my little fire bundles

We Hogabooms haven’t had a television in our home but once, a brief period in our first house rental when the former tenants’ service was still streaming in through the cable, unbilled.  I don’t remember much about the programs I watched during this time except for small fragments: meeting the night-time needs of my baby daughter while watching some quirky or horrific indie bit on the IFC (or as I called it, the “Pretentious Male Frontal Nudity Channel”).  I remember one night nursing my newborn daughter while absorbing the nineties indie drug/alcoholic/vampire/sex flick Habit.  Breastfeeding a baby while watching a vampire film, kind of not recommended.  Anyway, when Sophie got a bit older we noticed she would stop her floor-play and goggle at the screen.  So we called the cable company and got rid of the (free) service then ditched the set entirely, using our computer when we want to watch something.

I know some people consider getting rid of television but can’t quite make the step, but if you’re giving me some kind of crunchy/granola credit for our choice, don’t.  For me life without television programs feels normal.  My family didn’t have television growing up (no-TV households were even more rare then than they are today) so there’s no part of me that remembers it as a fond routine or family activity.  B-movies at night, on the couch with popcorn and my family comfortably movie-talking, my dad with a beer and my mom a glass (or four) of wine?  Oh hells yes, we did that.  Yes, back in the day when you had to rent the tape and the VCR itself, a big black suitcase-like object larger and boxier than Gordon Gekko’s cell phone.

Yet as everyone who could possibly be reading this blog would know, these days you can find television programs online. Being cinephiles (and computer geeks), we have a subscription to Netflix which allows the bonus of watching shows on the computer; very handy for my bouts of onset insomnia.

Our latest foray into nighttime watching has been the three seasons of “Survivorman”, a reality show whereby survivalist Les Stroud gets dropped off in some remote place on the planet with almost nothing except his cameras.  His task? To survive a week by himself.  I’ve learned lots of things from the show.  Example: the entire planet is pretty much hostile (in varying ways) and I’d shit myself to death or starve within a few days of being deprived from technological convenience and social assistance.  Secondly: vegetarianism is a lifestyle only modern life affords.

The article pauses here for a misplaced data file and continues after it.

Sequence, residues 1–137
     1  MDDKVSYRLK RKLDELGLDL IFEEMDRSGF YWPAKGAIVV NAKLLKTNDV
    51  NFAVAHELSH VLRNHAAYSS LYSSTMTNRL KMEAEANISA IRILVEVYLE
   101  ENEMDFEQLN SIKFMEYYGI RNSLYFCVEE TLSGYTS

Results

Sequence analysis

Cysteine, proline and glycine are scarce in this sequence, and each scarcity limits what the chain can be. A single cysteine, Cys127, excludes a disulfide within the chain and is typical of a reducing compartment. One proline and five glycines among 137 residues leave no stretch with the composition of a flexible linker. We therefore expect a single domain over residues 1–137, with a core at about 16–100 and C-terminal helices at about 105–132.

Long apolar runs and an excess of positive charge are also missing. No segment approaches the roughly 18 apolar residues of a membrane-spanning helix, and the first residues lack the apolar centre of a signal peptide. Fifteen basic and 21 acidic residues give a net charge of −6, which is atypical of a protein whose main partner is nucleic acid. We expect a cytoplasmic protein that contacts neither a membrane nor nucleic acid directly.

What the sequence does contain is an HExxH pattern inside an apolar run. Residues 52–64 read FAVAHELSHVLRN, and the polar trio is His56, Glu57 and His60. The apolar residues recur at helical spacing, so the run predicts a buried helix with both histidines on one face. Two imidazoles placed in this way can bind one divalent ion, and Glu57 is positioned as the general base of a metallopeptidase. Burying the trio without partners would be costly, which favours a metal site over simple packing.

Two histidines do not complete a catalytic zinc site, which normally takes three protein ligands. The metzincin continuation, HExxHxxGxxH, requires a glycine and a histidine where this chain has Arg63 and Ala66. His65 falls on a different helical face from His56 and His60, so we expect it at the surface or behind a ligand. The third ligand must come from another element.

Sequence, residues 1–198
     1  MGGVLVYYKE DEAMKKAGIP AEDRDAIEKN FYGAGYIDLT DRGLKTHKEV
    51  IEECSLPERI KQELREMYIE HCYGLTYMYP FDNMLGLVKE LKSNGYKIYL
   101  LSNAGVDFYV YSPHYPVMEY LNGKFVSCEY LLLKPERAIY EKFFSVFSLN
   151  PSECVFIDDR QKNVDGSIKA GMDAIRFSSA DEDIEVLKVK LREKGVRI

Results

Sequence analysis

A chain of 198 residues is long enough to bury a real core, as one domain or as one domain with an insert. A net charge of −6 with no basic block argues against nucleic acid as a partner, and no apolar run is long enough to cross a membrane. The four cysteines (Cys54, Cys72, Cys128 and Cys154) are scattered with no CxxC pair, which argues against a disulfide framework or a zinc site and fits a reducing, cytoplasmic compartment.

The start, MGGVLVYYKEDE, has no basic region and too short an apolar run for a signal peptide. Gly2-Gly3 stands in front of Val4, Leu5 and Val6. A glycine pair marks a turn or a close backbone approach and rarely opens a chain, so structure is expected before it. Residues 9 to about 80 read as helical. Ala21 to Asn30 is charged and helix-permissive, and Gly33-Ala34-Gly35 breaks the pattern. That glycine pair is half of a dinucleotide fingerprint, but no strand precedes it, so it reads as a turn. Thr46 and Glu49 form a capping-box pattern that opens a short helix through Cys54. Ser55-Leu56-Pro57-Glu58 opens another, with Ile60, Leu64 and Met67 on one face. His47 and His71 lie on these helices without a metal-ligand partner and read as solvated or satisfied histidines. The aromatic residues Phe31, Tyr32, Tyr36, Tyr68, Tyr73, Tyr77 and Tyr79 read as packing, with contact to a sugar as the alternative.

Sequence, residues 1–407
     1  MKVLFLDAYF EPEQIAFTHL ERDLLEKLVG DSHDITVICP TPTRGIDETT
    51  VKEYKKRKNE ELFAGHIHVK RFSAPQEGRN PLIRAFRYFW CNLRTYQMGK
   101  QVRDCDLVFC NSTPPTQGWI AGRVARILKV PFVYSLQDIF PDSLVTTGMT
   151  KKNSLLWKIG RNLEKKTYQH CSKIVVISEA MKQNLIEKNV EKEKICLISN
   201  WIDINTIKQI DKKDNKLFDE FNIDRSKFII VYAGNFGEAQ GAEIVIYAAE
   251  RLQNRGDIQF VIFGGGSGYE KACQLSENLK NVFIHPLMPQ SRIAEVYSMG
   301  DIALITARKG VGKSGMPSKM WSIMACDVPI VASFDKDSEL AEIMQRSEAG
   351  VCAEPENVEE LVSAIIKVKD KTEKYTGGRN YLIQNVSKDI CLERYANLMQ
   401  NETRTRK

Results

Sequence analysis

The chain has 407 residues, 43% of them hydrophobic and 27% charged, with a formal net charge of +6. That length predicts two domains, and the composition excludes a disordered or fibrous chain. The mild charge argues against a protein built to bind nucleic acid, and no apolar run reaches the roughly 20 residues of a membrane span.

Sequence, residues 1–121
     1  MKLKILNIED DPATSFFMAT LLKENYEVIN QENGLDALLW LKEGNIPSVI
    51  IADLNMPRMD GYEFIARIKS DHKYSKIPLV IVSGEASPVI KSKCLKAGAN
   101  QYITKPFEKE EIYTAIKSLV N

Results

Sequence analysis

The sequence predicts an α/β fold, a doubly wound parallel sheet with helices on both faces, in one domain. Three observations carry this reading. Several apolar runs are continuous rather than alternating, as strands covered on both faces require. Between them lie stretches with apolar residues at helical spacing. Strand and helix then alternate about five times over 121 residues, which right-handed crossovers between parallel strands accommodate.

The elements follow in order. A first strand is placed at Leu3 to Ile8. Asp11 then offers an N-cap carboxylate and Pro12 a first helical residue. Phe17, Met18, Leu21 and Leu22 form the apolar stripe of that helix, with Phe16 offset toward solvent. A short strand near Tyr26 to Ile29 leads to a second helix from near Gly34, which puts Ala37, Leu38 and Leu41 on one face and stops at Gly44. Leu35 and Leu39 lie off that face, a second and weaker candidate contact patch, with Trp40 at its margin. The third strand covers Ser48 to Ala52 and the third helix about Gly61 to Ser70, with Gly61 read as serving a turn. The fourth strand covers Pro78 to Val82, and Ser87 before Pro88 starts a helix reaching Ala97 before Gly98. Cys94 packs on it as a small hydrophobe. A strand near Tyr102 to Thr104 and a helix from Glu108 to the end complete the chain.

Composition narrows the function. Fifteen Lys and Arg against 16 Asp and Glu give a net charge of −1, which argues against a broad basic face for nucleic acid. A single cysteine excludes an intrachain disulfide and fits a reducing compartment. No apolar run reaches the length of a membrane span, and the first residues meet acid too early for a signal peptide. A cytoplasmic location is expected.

It’s a fun show and a really funny viewing with my husband and children.  First, my husband always startles me with his acumen in predicting How Things Are Going To Play Out (he does this for another television show we enjoy now and then, “Mythbusters”); my children love Stroud as if he were someone they personally knew.  They respect and study his prowess as if it has great relevancy to the lives they live today. (Last night Sophie said, “If I was one of those flounder I’d give up my life to feed Survivorman,” and Nels quickly attempted a oneupsmanship with, “If I was one of those stone fish I’d get rid of my poison so he wouldn’t accidentally step on me and get hurt.”)

On that note Sophie and I have speculated on the benefits to having Mr. Stroud in our family as mate, father, and provider.  Now, I don’t like men with too many rugged outdoor qualities, but I’m in particular sure that a man who can demonstrate literally dozens of different ways to start fire in all sorts of situations, including focussed amounts of fine-tuned work and patience and persistence and a high degree of hand coordination?  This kind of fellow would probably be able to bring it in the sack.  I’m just saying.

On a potentially more accessible note, Stroud’s adventures more often afford us a sense of humility, respect, and awareness regarding human needs, the beauty and ferocity of our natural world, and the bounty many of us usually have handily at our disposal.  He is almost always kept quite busy with the concerns of (in relative order) shelter, water, and food – and rarely gets to much of anything else (oftentimes not even nailing the primary goals to the comfort levels of most people) nor much sleep.  My children, who do not eat seafood (let alone raw sea snails, cast-off fish carrion, scorpions or Witchety grubs) avidly root for Stroud’s efforts.  From the comfort of their bed, snuggled together with their eyes bright and their faces beaky and avid, they are nearly as excited to see Les obtain his first meal of turtle on day four in the deep Southern swamp as the man himself. “Those look delicious, I want to try those!” both children clamor at the modest meal of roasted crawdaddies.  Stroud’s earnest efforts towards and appreciation for any means of survival and his acquisition of small comforts (such as a hot tea, fire, or roasted cococut center) ring home with my children, engaged as they are in his valiant efforts.

Yesterday at the Thai restaurant Nels devoured his Chicken Satay saying he was Survivorman, and he’d just cooked the chicken over a fire.  He bit into the food with relish.  I want to live my life with that sense of joyful connection, not buying products from the store and assembling them so much as knowing where our food comes from, how our livelihood and loves sustain us. This stuff matters as much as anything else.

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